It is a nice idea which, however, pits two conflicting forces against each other:
1) the need of legal professionals to manage information overflow more effectively; and,
2) the resistance of the skeptical Socratic legal mind to an abdication of intellectual choice.
We think that this idea will not gain much popular recognition in the legal community for the same reason that we ourselves no longer use digg, i.e. we are not prepared to let other Internet users who are unknown to us to determine for us what is important in the news and what is not, especially in view of the fact that online popularity populism tends to pull things down to the primitive level of the lowest common denominator.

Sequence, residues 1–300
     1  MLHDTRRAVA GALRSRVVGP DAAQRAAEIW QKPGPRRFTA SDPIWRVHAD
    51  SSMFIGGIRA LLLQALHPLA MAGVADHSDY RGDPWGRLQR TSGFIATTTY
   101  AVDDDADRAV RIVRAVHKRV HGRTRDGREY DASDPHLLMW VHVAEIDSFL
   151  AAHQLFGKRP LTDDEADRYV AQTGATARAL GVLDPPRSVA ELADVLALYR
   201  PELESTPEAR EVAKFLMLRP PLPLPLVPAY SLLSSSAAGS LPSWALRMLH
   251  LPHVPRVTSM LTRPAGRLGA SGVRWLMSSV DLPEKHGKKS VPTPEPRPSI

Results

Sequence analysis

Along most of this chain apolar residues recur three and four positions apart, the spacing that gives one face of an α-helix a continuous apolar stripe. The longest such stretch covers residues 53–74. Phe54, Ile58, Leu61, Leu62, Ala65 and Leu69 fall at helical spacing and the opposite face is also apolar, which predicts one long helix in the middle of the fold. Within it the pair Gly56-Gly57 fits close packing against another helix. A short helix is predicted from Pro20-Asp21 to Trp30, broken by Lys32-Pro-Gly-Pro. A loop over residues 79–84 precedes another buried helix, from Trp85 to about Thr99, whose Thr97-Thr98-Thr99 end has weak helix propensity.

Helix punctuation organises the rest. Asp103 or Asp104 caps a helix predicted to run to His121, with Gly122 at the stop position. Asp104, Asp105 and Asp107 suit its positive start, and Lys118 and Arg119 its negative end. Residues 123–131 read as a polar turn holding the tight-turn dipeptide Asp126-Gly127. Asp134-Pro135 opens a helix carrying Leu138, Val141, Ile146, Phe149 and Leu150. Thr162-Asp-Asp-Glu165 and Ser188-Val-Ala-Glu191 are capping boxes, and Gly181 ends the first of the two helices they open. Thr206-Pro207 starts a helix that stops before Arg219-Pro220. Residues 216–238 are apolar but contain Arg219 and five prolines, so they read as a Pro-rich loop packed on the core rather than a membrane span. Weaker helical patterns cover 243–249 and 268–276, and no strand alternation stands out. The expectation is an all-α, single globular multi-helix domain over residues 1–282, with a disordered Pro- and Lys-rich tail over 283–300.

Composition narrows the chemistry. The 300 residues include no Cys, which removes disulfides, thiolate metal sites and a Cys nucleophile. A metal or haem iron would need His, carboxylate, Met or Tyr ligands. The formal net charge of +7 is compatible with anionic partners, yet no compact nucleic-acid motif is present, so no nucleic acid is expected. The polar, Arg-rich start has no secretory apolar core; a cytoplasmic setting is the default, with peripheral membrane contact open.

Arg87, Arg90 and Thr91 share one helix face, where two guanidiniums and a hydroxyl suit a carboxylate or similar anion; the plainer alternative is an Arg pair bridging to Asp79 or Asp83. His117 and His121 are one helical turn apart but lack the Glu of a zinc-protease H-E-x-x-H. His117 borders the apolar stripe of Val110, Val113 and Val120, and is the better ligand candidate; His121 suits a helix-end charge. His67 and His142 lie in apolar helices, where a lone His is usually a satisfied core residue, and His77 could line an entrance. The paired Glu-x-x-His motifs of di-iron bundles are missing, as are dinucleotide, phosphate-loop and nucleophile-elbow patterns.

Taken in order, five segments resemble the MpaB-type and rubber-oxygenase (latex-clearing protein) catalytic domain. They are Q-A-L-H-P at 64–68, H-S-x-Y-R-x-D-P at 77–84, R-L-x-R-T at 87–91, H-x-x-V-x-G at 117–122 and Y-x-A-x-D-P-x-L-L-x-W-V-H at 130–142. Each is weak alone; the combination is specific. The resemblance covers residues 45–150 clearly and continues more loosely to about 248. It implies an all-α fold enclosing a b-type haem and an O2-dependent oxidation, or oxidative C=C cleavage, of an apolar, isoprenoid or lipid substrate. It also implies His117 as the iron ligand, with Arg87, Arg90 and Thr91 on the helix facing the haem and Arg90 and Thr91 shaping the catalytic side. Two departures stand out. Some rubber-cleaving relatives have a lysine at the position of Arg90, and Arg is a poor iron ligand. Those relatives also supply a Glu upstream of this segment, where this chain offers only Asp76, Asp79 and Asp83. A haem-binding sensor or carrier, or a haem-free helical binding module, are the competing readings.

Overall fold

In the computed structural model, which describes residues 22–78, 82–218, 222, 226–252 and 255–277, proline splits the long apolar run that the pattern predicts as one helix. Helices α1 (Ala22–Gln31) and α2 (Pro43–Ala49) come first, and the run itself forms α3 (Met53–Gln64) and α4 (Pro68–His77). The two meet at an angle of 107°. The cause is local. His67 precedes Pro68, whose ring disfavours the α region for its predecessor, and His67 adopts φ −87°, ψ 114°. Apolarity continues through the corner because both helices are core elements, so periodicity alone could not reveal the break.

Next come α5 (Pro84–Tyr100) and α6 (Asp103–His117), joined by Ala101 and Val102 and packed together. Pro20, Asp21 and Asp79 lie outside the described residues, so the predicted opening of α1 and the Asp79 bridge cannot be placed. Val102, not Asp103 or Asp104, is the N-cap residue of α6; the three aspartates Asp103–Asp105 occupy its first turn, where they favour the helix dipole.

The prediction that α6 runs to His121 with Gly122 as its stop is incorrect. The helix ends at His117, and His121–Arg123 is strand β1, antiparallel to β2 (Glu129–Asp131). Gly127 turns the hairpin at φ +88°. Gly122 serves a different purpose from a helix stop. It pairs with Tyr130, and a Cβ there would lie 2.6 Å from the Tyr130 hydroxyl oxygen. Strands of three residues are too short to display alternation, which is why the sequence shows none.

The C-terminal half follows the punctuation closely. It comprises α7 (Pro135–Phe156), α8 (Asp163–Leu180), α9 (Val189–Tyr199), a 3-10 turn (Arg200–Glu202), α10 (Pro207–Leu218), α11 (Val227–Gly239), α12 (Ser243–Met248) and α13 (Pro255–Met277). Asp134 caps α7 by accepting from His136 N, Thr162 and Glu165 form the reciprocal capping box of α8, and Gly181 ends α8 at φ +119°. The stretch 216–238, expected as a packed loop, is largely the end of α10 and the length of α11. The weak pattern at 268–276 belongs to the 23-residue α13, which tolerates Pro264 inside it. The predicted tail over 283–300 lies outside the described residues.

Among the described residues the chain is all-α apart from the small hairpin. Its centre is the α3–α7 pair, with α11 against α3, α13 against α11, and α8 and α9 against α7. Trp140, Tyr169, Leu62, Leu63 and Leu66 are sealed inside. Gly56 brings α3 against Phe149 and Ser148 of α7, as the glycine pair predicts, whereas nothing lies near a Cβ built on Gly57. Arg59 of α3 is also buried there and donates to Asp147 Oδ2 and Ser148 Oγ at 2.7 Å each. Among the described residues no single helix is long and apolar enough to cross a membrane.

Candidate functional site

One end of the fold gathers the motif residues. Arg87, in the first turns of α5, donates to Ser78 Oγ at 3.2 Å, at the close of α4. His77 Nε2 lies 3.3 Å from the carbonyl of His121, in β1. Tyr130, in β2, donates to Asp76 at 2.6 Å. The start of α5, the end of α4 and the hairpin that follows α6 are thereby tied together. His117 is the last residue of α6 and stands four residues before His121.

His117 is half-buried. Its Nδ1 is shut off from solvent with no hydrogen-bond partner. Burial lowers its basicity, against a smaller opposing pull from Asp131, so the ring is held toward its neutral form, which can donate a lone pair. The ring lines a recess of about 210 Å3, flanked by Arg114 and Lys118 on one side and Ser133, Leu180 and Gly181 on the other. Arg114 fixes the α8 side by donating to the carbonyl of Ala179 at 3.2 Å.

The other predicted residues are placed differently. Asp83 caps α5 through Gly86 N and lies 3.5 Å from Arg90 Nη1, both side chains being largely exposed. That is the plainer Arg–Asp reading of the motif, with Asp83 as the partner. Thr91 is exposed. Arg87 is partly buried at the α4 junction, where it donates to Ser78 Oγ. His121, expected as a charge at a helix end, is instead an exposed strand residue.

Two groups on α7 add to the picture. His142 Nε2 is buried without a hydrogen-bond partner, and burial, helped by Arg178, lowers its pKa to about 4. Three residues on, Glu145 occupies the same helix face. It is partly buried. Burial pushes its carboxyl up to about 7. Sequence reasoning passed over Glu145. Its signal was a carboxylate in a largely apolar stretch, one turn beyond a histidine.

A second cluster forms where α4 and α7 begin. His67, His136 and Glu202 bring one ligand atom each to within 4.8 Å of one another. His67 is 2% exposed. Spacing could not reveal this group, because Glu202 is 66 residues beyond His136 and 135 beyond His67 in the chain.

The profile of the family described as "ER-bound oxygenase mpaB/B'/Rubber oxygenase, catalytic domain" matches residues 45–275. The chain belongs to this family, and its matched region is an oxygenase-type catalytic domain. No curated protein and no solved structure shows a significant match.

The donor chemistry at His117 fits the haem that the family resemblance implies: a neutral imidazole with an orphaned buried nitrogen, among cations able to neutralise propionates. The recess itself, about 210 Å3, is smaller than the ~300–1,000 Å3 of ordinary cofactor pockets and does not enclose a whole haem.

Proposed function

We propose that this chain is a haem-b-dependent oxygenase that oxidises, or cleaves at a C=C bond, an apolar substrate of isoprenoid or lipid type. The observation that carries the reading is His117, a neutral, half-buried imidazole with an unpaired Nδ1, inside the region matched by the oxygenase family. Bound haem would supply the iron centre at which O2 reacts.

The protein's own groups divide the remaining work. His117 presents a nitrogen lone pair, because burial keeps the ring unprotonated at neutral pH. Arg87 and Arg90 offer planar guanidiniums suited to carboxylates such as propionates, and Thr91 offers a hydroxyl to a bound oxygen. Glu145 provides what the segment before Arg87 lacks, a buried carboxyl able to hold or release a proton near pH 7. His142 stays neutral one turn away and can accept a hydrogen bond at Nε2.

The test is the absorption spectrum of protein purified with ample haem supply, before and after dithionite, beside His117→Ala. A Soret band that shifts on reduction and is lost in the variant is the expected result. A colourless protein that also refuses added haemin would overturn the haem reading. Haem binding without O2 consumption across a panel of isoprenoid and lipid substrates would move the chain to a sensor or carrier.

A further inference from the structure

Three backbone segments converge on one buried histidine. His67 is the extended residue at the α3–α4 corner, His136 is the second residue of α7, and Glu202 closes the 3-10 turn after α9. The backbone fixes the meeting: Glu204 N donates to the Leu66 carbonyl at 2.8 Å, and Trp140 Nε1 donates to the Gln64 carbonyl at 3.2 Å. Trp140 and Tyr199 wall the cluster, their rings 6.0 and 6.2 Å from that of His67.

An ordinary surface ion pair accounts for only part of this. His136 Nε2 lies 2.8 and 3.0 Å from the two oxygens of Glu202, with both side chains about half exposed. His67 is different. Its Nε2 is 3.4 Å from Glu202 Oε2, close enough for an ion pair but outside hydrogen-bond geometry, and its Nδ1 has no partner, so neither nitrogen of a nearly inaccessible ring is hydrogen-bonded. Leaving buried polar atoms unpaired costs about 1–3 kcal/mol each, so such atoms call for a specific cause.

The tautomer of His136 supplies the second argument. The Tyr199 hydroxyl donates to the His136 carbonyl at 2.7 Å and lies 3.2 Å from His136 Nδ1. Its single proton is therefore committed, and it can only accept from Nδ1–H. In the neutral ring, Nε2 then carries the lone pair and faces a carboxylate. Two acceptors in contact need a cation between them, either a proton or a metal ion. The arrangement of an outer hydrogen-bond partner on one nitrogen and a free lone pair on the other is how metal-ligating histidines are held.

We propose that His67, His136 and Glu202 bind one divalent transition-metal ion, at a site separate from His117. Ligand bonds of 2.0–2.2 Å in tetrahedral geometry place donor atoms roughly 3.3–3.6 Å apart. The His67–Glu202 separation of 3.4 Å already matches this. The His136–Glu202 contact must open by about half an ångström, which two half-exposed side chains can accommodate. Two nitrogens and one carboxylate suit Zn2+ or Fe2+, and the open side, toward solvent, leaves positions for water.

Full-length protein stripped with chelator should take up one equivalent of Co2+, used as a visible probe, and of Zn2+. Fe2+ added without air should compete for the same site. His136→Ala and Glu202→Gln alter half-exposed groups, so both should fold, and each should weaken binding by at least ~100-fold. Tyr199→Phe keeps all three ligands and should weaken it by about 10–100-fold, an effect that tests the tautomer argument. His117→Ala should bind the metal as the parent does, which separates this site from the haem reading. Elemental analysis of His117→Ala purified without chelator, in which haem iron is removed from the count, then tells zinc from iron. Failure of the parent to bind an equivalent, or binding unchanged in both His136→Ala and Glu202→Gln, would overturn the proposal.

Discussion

This kind of news selection also tends to favor populistic topics marked by sensationalism, rather than by a cogent determination of what is truly important to the legal field. Moreover, those who determine what is to be read may be dominated in numbers by those who have idle time on their hands and who thus do not represent the mainstream interests of the legal community.
Hence, we give this concept little chance of succeeding. But then again, we are not typical.